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You’re Wearing Those For Your Community Service?


So this woman (no, that’s not her, but could you resist using that picture?) crashed her car and refused a breathalyzer test. For her crime, she was sentenced to 80 hours of community service. Apparently nobody anticipated that she would show up for the community service in 4-inch heels. She was sent back to court, as the boots were deemed a health and safety hazard. What do you think should happen? Here are excerpts of the story from The Daily Mail:

Debbie Stallard was told she couldn’t do the manual work because her boots were a health and safety hazard.

The 47-year-old, from Paignton in Devon, claimed she was unable to wear flat shoes for medical reasons. ‘Since I was a little girl I have only been able to walk on the balls of my feet. Even my slippers have two and a half inch heels.

‘The long and the short of it is that I can’t wear flat shoes because of a medical condition I have had since I was a child. ‘It’s health and safety gone mad. I was made to feel stupid’.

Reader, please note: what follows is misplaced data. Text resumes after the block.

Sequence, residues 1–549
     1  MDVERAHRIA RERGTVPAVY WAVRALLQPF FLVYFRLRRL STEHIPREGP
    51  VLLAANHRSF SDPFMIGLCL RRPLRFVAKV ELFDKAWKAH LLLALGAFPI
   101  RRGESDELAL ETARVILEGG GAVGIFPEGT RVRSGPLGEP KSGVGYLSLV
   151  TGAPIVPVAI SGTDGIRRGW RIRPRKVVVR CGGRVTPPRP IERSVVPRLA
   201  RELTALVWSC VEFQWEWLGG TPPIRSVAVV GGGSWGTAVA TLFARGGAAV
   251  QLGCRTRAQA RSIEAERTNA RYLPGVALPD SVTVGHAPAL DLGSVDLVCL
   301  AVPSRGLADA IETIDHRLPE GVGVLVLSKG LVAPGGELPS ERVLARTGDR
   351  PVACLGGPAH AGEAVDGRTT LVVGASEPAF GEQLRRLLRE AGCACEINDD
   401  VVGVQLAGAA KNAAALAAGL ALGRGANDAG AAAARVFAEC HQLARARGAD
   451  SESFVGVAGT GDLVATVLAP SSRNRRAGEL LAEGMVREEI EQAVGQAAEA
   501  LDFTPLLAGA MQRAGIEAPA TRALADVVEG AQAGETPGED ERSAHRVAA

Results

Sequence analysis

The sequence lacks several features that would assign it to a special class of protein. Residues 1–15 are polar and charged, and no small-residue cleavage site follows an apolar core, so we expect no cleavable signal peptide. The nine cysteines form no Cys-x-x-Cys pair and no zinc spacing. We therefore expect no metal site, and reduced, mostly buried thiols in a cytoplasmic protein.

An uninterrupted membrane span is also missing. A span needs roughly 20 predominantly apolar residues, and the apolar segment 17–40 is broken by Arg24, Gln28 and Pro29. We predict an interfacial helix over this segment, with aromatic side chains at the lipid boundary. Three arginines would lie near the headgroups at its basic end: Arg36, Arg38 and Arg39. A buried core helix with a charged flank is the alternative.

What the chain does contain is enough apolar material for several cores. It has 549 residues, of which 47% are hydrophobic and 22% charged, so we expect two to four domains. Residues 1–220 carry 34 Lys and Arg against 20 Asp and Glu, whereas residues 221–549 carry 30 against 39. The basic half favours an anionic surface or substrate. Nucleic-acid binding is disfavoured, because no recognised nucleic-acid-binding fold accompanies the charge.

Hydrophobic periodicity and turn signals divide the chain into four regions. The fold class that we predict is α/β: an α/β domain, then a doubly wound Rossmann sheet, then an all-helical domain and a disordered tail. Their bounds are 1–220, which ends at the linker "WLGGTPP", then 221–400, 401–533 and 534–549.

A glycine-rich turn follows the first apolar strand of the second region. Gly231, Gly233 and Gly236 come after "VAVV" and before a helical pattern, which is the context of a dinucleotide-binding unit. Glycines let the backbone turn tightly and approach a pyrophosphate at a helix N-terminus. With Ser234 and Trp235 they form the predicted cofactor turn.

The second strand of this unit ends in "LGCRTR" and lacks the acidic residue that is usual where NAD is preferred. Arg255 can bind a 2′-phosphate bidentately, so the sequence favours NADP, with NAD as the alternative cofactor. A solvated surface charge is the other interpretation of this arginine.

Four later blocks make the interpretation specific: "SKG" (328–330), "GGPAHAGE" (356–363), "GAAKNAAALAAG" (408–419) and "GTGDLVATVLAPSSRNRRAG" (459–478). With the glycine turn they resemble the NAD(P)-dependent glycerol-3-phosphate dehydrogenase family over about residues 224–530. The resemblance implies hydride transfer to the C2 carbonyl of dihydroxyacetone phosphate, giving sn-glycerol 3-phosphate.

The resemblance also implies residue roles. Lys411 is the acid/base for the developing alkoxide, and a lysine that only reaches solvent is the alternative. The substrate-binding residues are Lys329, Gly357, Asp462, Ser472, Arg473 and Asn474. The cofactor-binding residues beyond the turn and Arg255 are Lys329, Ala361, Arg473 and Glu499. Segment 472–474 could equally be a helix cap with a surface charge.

The mother-of-two had been sentenced to 80 hours community service after she was convicted of damaging a vehicle and failing to provide a specimen of breath.

Within 10 days she arrived at the probation service’s community payback workshop in Torquay but was told her towering boots would be unsuitable for ‘the vigorous work ahead’.

The probation service took her back to court last Friday asking that the community service order be revoked and replaced with another punishment.

Judges have adjourned the case until more detailed medical reports are made available.

Probation officer Heidi Randle said: ‘She attended on the date required but was sent away because she was wearing heels. ‘We tried to contact the GP [General Practitioner] in this case and received a letter which was non-committal and does not say anything specific about wearing flats.

Starting to smell a bit?

‘It is a non-NHS [National Health Service] matter and, for a fee, he would write a more detailed report’.

Or does the doctor just want some dough?

Ms Stallard’s solicitor John Darby said: ‘My client has always lived on her toes. ‘She has always worn heels and in her last job had to sign a disclaimer so she could wear high heels to work. She can’t walk in flats.’

A spokesman for the Probation Service said: ‘We take the health and safety legislation for offenders very seriously. ‘Ms Stallard was offered protective footwear but refused to comply. We had no option but to return the order to court for magistrates to re-sentence as they see fit.’

Interesting. Here’s the source.

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